The thought of a root canal normally frightens people. The good news is that root canals today not only provide dental pain relief, but an average of 17 million teeth per year are restored and saved because of root canals. Sounds better than a tooth extraction, right?
With the help of today’s technology, our office has state-of-the-art equipment, such as lasers and rotary instruments, which permit us to do a root canal in one office visit. This makes for a much better and simpler procedure than other offices, which can take up to 3 appointments for a root canal procedure.
What Exactly is a Root Canal
A root canal is a procedure that is used to remove the diseased nerve tissue from inside the tooth. The narrow channels in the inner part of the tooth are cleaned out, and the canals are shaped and refined.
A tooth is made up of three main parts: a hard protective shell referred to as enamel, a softer and sensitive middle layer referred to as dentin and a soft tissue inner layer referred to as dental pulp. Dental pulp is composed of nerve tissue, lymph tissue and blood vessels, and is considered to be the vital part of a tooth. This is how you feel pain, and hot and cold sensitivity. If the dental pulp is traumatized – whether by a deep cavity, a fracture in the tooth that enters the pulp or a forceful blow to the face – the tooth begins to die and a root canal is often required in order to prevent or eliminate infection and prevent tooth loss.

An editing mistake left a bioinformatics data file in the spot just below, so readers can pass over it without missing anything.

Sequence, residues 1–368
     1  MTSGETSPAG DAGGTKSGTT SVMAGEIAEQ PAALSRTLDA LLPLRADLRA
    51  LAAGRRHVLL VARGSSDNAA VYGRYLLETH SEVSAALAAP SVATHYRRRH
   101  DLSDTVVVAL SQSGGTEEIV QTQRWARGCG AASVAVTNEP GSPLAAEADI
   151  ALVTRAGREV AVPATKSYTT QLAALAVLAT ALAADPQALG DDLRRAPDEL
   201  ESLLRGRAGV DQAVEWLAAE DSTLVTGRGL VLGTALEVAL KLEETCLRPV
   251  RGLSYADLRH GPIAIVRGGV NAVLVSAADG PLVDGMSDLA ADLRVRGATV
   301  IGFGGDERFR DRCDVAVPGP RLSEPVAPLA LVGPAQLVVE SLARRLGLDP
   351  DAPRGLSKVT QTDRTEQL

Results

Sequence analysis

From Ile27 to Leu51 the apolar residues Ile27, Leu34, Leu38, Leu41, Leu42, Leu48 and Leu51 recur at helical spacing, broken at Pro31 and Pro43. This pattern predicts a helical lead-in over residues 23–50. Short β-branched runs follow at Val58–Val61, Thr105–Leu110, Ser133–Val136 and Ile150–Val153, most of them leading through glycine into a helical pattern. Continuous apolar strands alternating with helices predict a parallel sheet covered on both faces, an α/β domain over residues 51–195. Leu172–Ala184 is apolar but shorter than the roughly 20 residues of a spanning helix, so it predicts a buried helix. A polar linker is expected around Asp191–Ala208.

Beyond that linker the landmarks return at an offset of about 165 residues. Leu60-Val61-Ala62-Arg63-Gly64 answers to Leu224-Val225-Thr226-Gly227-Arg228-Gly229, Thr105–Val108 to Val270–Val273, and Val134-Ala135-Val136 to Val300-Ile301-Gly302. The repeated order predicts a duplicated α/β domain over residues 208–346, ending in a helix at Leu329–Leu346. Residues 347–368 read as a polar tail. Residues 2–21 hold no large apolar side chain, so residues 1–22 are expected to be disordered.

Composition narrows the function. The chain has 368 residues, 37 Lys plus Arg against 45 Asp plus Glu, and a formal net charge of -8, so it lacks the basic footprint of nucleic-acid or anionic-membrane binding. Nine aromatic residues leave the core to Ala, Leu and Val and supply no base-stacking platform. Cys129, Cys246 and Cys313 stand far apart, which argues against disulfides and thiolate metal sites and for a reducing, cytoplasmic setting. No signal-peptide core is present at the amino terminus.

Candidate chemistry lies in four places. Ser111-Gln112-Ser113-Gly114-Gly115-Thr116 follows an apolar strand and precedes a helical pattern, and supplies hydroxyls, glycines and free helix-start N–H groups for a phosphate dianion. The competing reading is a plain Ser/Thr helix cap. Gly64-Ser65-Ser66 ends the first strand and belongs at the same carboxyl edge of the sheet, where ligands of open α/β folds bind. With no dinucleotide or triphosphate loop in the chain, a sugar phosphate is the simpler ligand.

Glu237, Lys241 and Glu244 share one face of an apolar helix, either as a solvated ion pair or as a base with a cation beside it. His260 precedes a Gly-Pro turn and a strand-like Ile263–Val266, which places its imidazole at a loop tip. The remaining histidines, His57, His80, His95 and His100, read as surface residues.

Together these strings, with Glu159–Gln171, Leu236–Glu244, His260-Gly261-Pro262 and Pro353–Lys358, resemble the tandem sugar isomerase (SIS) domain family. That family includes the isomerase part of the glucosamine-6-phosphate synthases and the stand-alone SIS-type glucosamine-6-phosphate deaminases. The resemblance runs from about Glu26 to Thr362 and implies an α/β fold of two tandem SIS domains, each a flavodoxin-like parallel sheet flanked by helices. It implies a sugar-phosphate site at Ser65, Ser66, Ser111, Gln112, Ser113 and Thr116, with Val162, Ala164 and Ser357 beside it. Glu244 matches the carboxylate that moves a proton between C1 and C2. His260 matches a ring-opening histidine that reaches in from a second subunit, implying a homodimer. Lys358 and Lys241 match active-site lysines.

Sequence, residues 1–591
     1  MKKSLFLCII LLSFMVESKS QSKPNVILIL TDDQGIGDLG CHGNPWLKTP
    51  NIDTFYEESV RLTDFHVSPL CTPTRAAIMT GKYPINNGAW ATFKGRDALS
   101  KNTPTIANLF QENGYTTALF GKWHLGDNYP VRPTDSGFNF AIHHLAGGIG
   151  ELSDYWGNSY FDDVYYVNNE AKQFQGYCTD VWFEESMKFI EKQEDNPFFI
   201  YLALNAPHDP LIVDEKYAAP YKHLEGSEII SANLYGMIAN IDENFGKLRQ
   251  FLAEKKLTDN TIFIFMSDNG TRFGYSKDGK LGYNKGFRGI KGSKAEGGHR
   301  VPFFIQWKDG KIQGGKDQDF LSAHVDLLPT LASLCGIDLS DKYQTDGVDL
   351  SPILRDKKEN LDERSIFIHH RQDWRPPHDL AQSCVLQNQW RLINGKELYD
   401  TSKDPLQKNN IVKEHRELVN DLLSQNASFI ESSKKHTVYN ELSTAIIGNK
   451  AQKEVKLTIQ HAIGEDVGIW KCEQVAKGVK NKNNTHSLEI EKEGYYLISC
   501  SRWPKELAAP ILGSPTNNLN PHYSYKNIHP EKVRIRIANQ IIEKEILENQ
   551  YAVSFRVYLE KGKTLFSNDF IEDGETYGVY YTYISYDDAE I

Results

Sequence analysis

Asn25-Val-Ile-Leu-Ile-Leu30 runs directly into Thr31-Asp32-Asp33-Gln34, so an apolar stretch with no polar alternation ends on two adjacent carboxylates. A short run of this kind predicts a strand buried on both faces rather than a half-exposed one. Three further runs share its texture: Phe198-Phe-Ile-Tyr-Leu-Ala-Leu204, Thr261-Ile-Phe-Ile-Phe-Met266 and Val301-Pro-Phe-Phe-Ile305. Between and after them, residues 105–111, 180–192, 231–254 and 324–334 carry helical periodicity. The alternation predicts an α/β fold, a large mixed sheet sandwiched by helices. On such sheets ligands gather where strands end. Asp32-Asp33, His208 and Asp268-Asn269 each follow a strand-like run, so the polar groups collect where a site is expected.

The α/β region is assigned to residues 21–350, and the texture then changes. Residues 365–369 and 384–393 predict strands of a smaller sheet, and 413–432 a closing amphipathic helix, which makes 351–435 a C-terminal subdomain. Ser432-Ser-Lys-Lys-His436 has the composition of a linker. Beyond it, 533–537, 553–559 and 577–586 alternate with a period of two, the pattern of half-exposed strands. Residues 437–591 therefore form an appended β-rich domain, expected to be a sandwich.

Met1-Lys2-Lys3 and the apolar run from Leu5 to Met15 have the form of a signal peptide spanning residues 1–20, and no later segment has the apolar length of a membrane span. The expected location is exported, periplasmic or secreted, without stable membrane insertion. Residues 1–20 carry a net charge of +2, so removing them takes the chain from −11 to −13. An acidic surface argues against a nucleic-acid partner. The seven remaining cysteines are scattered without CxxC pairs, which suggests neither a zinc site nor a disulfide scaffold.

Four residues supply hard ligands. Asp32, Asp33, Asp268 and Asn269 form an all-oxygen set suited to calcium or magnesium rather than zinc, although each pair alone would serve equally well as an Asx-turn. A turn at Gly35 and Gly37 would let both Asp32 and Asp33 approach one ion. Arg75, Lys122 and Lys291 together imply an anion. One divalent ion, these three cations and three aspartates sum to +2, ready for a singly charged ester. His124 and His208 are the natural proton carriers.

A root canal involves disinfection of the tooth and the removal of all debris (nerve tissue,lymph tissue, blood tissue, bacteria and infection) from the pulp chamber and its canals. Once an affected tooth’s canals are sufficiently cleansed and shaped, they are filled with materials designed to prevent pain and infection from recurring.
Root Canal Signs
Certain signs may indicate that you have a diseased tooth or an infected nerve and therefore may need a root canal. These
signs include, but are not limited to the following:
- Minimal to severe pain.
- Tooth discoloration. Swelling and irritation in the surrounding gum tissue.
- Signs of infection visible on an xray.
- A tooth can become infected for several reasons, including tooth decay, or a crack/chip in the tooth. Failing restorations such as fillings and crowns can foster bacteria leakage into the pulp.
- Once infected, the nerve begins to die and the body’s inflammatory responses set in. The combination of infection and inflammation can cause significant pain with the end result of a toothache.
If you have any of the above symptoms, please call us to schedule your complimentary consultation, and allow us to help eradicate your pain quickly and easily! Remember to see your hygienist every 6 months for your routine checkup. We are able to keep an eye on your older fillings and check for decay to help prevent against root canals.